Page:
“Jeffersonian” quest

Two decades before UVA welcomed its inaugural class, Thomas Jefferson wrote to Littleton Waller Tazewell, future Virginia governor, about his hopes for the University of Virginia.
“What was useful two centuries ago is now become useless,” wrote Jefferson. “What is now deemed useful will in some of its parts become useless in another century.” And while UVA’s founder and first architect was writing about science, his comments fit the 200-year debate over architecture at the University, a contest that pits tradition against utility and asks whether the University’s iconic look—bricks and pillars, porticoes and Palladio—is a functional model or a brand.

In truth, it has been both. Everyone agrees that the Lawn is an architectural gem, innovative for its time and beautiful still. But consensus splinters over what the Lawn means for UVA buildings today.

The University has offered many of the nation’s leading architects an opportunity to draw on Jefferson’s original vision, and frustrated several when they tried to push beyond the aesthetic template of the Lawn. Is a “Jeffersonian” structure one that hews to the classical style that T.J. so loved, or is it one that incorporates his love of the cutting edge and functional? Is the Lawn’s true heir Darden or Campbell Hall?

C-VILLE takes a closer look at 16 buildings that played prominent roles in the debate.—Chiara Canzi and Brendan Fitzgerald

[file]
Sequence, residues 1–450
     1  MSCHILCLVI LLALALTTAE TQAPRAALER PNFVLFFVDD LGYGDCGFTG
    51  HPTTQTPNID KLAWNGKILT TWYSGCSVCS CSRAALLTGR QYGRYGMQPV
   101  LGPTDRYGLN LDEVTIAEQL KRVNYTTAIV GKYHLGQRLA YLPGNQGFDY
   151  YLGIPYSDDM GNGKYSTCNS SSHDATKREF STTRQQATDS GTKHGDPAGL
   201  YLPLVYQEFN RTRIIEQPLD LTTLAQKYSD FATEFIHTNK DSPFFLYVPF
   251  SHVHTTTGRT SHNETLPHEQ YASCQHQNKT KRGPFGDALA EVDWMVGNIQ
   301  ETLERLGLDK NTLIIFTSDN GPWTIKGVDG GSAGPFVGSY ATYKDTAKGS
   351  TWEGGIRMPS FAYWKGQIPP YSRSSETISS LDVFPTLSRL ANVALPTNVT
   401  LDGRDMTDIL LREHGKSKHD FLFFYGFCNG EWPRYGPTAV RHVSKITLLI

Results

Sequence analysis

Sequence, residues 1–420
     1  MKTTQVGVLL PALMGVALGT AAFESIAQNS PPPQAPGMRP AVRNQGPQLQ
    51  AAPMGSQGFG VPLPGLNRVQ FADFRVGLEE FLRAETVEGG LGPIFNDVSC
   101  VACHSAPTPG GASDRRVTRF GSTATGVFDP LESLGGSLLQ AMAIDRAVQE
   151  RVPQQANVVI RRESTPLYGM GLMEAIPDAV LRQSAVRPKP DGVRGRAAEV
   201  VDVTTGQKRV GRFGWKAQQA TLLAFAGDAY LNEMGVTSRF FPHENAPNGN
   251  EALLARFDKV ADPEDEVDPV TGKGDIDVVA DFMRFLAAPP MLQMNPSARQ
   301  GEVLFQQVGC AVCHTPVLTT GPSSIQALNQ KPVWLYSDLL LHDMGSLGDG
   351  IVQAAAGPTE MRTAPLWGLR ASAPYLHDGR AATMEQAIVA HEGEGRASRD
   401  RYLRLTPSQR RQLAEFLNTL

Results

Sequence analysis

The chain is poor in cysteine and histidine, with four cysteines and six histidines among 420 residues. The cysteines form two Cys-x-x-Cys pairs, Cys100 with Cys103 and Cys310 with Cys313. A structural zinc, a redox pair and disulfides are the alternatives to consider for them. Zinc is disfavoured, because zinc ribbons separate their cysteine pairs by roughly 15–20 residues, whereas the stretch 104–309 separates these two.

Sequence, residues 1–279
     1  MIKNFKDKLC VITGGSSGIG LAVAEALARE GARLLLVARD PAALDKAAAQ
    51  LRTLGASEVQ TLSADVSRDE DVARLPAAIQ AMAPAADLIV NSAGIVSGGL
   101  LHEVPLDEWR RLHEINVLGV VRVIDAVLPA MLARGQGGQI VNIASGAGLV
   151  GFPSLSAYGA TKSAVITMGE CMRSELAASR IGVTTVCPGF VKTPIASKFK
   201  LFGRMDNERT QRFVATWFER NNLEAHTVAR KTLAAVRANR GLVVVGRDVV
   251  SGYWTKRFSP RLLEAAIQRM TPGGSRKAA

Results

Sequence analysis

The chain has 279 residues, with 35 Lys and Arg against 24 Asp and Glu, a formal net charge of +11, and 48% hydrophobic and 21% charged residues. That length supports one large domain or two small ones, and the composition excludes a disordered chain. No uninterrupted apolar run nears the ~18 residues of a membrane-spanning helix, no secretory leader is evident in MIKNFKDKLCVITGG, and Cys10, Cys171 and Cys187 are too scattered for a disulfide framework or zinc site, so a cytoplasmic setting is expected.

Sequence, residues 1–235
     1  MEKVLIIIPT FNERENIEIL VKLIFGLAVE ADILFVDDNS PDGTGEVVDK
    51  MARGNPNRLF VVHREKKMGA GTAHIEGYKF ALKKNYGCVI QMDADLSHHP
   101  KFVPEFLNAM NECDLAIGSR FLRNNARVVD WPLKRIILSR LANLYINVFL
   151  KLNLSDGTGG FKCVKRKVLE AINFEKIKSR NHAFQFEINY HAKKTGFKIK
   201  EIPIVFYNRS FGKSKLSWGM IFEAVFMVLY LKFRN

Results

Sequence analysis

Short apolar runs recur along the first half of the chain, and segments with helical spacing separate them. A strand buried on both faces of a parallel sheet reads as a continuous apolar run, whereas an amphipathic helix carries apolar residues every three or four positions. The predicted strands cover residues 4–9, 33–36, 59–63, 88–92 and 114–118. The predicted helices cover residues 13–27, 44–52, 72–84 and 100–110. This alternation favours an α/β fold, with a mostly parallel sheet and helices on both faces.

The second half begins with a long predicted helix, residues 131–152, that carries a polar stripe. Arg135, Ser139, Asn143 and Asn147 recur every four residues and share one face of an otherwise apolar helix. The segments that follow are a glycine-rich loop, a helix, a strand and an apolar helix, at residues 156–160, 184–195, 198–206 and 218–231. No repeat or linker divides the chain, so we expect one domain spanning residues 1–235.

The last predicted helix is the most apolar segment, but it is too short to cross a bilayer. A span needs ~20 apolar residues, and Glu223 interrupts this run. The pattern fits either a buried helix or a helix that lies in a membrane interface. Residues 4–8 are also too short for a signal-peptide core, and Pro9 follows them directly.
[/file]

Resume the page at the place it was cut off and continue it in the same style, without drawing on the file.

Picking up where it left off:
1822: Academical Village

Jefferson’s original UVA campus was designed to serve its architectural faculty and students. In 1817, Jefferson wrote to William Thornton, the architect of the U.S. Capitol, that the University’s buildings “should be models of taste & good architecture, & of a variety of appearance, no two alike.” In that way, the buildings themselves would serve as teachable structures—“specimens for the Architectural Lectures,” concluded Jefferson.


Jefferson asked Thornton and Benjamin Latrobe, who helped design the U.S. House of Representatives, to draw designs for the Lawn’s 10 Pavilions. Jefferson tweaked their drawings to reflect his original ambitions for the Pavilions, each styled according to one of the three classical styles of Greek architecture—Doric, Ionic and Corinthian.